If a business undercuts its competitors on price, new customers may be attracted and existing customers may become more loyal. So, using a loss leader can help drive customer loyalty.
One risk of using a loss leader is that customers may take the opportunity to “bulk-buy”. If the price discount is sufficiently deep, then it makes sense for customers to buy as much as they can (assuming the product is not perishable).
Using a loss leader is essentially a short-term pricing tactic for any one product. Customers will soon get used to the tactic, so it makes sense to change the loss leader or its merchandising every so often.
Predatory pricing (note: this is illegal)
With predatory pricing, prices are deliberately set very low by a dominant competitor in the market in order to restrict or prevent competition. The price set might even be free, or lead to losses by the predator. Whatever the approach, predatory pricing is illegal under competition law.
Sometimes prices are set at what seem to be unusual price points. For example, why are DVD’s priced at £12.99 or £14.99? The answer is the perceived price barriers that customers may have. They will buy something for £9.99, but think that £10 is a little too much. So a price that is one pence lower can make the difference between closing the sale, or not!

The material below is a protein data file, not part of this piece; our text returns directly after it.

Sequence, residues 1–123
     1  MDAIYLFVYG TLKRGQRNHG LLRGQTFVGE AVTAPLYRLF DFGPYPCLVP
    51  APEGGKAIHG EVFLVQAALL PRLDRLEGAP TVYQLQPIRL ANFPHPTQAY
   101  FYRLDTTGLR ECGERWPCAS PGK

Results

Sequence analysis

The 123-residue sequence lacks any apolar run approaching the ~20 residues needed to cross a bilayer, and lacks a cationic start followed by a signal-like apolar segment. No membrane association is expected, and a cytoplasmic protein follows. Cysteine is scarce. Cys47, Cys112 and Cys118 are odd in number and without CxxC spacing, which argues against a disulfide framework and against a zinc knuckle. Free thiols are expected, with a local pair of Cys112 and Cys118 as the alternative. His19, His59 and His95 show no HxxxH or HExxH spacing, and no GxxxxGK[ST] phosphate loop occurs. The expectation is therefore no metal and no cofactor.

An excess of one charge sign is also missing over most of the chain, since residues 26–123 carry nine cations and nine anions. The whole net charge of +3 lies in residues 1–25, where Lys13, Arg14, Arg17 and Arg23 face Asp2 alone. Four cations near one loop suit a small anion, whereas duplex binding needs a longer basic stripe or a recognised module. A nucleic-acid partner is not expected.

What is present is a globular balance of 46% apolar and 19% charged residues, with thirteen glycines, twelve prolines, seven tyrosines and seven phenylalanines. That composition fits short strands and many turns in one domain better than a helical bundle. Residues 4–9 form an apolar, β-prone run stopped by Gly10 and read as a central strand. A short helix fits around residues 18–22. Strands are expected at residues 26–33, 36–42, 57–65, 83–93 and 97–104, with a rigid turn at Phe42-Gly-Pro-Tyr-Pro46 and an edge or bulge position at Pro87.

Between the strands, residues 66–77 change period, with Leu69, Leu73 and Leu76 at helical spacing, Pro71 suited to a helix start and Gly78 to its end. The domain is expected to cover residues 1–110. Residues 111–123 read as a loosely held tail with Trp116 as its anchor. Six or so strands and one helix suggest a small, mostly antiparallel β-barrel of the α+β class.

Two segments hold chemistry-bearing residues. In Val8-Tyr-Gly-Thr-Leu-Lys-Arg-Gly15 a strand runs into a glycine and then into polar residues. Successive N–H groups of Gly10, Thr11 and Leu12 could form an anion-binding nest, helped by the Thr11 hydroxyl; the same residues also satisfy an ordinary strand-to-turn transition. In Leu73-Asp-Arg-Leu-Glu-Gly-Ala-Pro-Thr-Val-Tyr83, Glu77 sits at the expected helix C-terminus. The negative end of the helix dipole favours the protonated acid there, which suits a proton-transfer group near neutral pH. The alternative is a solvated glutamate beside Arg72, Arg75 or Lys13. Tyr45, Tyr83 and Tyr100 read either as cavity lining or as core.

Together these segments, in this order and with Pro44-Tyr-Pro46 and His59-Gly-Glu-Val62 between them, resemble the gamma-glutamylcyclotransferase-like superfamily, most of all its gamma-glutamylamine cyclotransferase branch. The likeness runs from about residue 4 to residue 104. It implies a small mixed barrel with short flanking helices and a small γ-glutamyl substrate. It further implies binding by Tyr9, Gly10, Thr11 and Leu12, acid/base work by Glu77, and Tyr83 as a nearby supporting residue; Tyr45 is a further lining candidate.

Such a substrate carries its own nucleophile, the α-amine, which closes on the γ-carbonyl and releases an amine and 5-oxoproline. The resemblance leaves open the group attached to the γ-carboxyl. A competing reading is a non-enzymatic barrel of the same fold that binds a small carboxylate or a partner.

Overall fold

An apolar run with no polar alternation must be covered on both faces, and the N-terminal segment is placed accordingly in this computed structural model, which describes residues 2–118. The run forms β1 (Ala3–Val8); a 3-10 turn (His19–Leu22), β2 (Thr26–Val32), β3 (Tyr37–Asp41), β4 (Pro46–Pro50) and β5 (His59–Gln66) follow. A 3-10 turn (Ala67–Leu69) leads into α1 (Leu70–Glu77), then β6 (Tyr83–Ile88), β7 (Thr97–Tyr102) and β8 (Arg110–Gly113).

The aim of psychological pricing is to make the customer believe the product is cheaper than it really is. Pricing in this way is intended to attract customers who are looking for “value”.
If there is strong competition in a market, customers are faced with a wide choice of who to buy from. They may buy from the cheapest provider or perhaps from the one which offers the best customer service. But customers will certainly be mindful of what is a reasonable or normal price in the market.
Most firms in a competitive market do not have sufficient power to be able to set prices above their competitors. They tend to use “going-rate” pricing – i.e. setting a price that is in line with the prices charged by direct competitors. In effect such businesses are “price-takers” – they must accept the going market price as determined by the forces of demand and supply.
An advantage of using competitive pricing is that selling prices should be line with rivals, so price should not be a competitive disadvantage.
The main problem is that the business needs some other way to attract customers. It has to use non-price methods to compete – e.g. providing distinct customer service or better availability.